Introductory Shaft Alignment Tutorials
2160.1 Introduction to Shaft Alignment
The major topics that will be covered include: the four key ingredients to successfully align machinery, the symptoms you will see if machinery is subjected to run under a misalignment condition, some basic design principles of rotating shafts and the bearings that support them, and the types of static and dynamic forces that occur in machinery.
2160.2 Alignment Tolerances
The major topics that will be covered include: the standard terms used to describe a misalignment condition, the one common design feature inherent in every flexible coupling, defining what shaft misalignment is, what are acceptable amounts of misalignment and what tolerances you should try to attain, and some statistical information on what the estimated time to failure of machinery might be when subjected to operate in a moderate to severe misalignment condition.
2160.3 The Eight Steps of Shaft Alignment
Discusses the eight major steps involved when aligning rotating machinery.
2160.4 Foundations, Baseplates, and Frames
The major topics in this tutorial will discuss the basics of how rotating machinery is attached to structures. The three basic types of rotating machinery support systems ... the types of baseplates machinery is attached to ... and problems to look for on foundations, baseplates, concrete, grout, and anchor bolts.
The major topics in this tutorial will discuss how a dial indicator works ... how to perform a shaft lift check ... how to measure runout ... what are acceptable amounts of runout on rotating machinery ... how to determine what is causing the excessive runout and what you need to do to correct it ... and how runout is frequently and unknowingly overlooked when aligning the shafts of our rotating equipment.
2160.6 Soft Foot
The major topics in this tutorial will discuss what soft foot is and why it should be corrected. How you should go about finding your soft foot issues and the four steps necessary to correct this often overlooked and misunderstood problem.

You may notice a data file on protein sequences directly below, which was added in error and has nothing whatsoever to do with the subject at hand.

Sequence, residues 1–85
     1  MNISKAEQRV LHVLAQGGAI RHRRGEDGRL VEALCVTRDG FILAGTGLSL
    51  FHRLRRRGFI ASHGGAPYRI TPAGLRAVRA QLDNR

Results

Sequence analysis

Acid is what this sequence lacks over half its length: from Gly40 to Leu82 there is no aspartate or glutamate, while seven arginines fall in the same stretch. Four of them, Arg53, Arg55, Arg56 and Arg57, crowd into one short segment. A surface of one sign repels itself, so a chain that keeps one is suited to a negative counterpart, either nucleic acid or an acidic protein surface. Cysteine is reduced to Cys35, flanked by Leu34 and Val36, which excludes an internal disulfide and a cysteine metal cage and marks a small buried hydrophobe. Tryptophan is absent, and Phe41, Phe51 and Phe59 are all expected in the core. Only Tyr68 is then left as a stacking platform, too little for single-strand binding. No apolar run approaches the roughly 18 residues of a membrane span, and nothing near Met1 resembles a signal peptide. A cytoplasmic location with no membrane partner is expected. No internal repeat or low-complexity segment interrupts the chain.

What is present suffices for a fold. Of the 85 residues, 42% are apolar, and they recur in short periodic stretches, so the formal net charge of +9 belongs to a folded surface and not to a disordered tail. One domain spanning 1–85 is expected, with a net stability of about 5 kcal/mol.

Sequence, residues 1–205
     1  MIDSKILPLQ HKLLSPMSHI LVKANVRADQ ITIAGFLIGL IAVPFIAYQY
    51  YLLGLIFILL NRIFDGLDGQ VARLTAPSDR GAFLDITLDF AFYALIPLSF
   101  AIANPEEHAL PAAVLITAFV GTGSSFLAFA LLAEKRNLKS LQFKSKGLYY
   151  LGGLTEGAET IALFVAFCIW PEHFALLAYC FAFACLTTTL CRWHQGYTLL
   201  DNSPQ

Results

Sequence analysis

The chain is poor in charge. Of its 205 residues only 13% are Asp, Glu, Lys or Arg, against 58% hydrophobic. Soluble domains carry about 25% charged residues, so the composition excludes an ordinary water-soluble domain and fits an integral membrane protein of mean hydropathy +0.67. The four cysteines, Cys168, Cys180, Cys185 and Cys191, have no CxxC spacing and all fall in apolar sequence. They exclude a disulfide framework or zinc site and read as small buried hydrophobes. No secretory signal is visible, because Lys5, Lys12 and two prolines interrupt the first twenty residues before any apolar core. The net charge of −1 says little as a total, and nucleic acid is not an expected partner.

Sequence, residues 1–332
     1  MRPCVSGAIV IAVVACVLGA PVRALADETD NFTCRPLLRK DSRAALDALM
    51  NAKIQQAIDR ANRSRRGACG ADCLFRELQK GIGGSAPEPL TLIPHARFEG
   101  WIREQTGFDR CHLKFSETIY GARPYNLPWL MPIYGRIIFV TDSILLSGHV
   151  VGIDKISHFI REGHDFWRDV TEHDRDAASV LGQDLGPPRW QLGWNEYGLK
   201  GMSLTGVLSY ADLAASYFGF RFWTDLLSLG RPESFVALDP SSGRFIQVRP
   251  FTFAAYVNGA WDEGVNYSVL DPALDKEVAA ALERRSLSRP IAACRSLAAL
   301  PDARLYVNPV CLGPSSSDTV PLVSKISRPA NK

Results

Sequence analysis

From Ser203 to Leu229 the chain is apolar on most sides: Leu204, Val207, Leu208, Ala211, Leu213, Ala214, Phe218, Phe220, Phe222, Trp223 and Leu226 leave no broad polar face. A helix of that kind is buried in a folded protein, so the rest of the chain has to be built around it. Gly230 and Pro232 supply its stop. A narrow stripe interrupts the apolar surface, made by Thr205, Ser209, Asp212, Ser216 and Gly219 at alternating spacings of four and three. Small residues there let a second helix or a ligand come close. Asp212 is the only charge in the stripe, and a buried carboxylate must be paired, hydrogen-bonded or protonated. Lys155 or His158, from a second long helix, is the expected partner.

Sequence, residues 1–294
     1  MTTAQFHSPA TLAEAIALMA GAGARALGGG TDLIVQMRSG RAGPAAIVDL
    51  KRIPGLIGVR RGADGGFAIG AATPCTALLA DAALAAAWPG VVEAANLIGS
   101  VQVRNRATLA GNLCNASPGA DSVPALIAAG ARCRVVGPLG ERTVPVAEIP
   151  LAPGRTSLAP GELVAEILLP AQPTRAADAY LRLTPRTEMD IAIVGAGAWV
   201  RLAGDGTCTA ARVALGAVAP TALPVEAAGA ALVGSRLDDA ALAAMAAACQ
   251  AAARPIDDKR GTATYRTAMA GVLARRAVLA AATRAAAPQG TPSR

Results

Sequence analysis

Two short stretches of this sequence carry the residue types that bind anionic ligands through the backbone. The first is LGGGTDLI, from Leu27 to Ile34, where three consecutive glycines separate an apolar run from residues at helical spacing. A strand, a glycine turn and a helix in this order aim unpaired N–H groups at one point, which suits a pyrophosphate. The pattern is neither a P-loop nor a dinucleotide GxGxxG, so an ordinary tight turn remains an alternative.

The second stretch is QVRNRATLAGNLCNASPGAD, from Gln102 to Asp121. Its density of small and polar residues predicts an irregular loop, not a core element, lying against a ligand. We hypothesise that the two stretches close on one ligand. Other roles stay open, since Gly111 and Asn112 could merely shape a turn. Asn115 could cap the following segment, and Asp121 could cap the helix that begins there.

2160.7 External Connections
The major topics in this tutorial will discuss the issues that can arise when attaching external connections to our rotating equipment ... and how to determine if external connections such as piping, ductwork, or conduit is inducing excessive forces and stresses into our machinery.
2160.8 Vibration on Misaligned Machinery
The major topics that will be discussed in this tutorial will start off analyzing the two basic types of forces that act on our rotating machinery. Static and dynamic forces were mentioned in the first tutorial in this training series but we will take a look at the relation and interaction between them here. An abbreviated list of some of the problems that can be identified using vibration analysis as a non-destructive diagnostic tool will be covered as well as a list of problems that typically cannot be identified using vibration analysis. A discussion on the natural elastic behavior of shafts will be covered and how elastic bending occurs under misalignment conditions. Results from two controlled misalignment studies will be presented that will illustrate what happens to the overall vibration on misaligned rotating equipment.
2160.9 The Five Basic Alignment Methods
The major topics in this tutorial will discuss the basic roughing in techniques for your initial alignment of machinery. You will be introduced to the five primary alignment measurement methods. We will also cover how to override a runout condition when taking your measurements.
2160.10 The Validity Rule
When aligning rotating machinery it is imperative that you obtain accurate shaft positional measurements. It is very easy and very common to make mistakes when taking these measurements so this tutorial will illustrate what you have to be aware of when taking your alignment readings to insure that the measurements you obtain are accurate and repeatable. There is a mathematical pattern that occurs when taking readings at 90 degree intervals around a shaft. This pattern is called the Validity Rule. The Validity Rule will confirm that your measurements make sense but more importantly, can derive a missing measurement if you cannot rotate all the way around the shaft.
2160.11 Bracket Sag and Uncouple
When using mechanical brackets, gravity has an effect on the tooling ... and the bracket sag that exists in your set up must be measured and compensated for. We will also discuss whether or not it is a good idea to keep your couplings engaged when taking alignment readings.